The green crab was listed as one of the world's 100 worst invasive species.
Along the New England coast, populations of an invasive species have surged to overwhelming and devastating numbers. With no predators to keep them in check, the European green crab wreaks havoc on eelgrass, clam beds and oyster beds — much to the dismay of local fishermen and chefs.
The North American green crab invasion goes back 200 years, when the creatures began infiltrating our shores as stowaways on water boats. Today, they are listed by the International Union for the Conservation of Nature as one of the world’s 100 worst invaders.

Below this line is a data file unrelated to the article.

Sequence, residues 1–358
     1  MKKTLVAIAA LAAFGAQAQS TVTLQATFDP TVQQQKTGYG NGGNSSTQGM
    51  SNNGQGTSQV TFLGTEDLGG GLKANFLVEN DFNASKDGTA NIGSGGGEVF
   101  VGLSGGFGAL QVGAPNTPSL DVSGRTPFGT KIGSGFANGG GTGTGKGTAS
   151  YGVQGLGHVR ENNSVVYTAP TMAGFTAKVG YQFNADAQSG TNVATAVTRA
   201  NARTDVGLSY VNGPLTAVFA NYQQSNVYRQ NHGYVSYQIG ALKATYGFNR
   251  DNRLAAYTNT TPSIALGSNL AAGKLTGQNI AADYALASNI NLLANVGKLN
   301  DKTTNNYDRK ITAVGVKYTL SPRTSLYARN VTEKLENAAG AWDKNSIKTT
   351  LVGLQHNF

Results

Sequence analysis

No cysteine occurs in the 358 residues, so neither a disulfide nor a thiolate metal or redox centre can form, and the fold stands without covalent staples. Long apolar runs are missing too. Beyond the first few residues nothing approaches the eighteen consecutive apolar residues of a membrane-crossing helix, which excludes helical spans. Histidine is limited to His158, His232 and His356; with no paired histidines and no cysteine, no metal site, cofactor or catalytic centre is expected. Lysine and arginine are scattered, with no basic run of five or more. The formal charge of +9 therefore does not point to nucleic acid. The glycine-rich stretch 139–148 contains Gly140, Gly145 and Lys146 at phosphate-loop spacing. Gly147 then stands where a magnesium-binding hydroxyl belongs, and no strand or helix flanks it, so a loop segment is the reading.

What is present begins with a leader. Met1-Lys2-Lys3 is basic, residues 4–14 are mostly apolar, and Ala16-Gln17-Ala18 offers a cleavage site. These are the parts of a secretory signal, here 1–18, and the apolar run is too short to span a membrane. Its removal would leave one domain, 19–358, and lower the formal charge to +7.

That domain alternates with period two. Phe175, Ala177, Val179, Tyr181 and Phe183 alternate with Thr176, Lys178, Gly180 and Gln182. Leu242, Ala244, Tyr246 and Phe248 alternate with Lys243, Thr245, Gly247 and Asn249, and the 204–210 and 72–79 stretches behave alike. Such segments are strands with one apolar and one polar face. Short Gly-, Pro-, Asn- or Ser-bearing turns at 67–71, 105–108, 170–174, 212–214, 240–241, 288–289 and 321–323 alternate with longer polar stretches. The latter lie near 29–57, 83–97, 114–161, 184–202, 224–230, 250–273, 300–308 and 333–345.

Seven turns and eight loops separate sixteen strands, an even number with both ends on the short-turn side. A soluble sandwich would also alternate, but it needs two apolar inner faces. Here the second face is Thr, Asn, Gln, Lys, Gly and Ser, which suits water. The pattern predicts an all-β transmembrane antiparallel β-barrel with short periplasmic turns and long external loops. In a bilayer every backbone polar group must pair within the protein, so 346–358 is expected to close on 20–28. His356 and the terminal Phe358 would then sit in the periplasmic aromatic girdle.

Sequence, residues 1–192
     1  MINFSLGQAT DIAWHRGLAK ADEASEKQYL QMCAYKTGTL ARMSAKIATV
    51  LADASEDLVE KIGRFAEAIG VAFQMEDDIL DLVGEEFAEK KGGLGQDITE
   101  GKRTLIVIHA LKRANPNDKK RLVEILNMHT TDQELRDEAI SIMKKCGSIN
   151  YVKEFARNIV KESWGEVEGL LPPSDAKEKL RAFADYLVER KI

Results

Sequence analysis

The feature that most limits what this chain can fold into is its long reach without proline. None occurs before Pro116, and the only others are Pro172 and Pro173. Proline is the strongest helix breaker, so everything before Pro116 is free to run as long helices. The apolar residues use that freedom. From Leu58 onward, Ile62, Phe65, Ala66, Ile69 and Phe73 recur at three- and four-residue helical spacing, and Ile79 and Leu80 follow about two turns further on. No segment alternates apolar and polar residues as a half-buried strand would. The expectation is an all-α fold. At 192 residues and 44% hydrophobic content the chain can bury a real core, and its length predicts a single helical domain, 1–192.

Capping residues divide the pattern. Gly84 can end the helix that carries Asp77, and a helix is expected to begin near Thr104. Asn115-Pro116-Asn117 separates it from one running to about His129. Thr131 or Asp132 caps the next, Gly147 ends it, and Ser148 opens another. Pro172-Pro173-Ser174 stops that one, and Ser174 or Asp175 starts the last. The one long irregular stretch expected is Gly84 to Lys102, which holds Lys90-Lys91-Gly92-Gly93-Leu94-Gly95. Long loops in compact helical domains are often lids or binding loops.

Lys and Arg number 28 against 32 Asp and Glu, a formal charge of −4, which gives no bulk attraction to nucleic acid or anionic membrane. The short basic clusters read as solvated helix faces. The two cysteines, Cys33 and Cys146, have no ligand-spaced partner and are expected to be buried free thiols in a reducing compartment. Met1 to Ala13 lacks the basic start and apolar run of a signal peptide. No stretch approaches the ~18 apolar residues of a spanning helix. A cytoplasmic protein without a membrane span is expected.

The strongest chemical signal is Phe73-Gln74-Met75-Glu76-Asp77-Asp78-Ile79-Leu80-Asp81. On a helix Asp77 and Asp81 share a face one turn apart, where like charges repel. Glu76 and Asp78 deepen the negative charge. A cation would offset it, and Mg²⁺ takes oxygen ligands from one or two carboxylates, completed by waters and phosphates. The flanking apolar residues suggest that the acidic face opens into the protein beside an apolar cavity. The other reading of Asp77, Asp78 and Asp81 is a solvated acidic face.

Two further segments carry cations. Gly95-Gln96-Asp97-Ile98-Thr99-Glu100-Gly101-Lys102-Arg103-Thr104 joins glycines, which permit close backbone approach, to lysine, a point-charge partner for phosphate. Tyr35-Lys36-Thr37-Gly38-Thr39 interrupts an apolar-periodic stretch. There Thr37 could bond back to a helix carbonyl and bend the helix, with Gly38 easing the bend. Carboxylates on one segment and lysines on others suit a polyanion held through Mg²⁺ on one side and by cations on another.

Christopher Cryer believes reducing its astronomical populations will fall to the green crab’s ultimate predator: you and I. Cryer, executive chef at Seamores, a seafood restaurant in lower Manhattan, is exploring creative ways to cook up these crabs, including a specialty ramen dish.
Cryer says sustainable seafood is about eating what our shores have to offer. If we want to preserve the species we love — or love to eat, like oysters and clams — then we have to do our part to preserve their habitat, even if that means eating species like the green crab, too.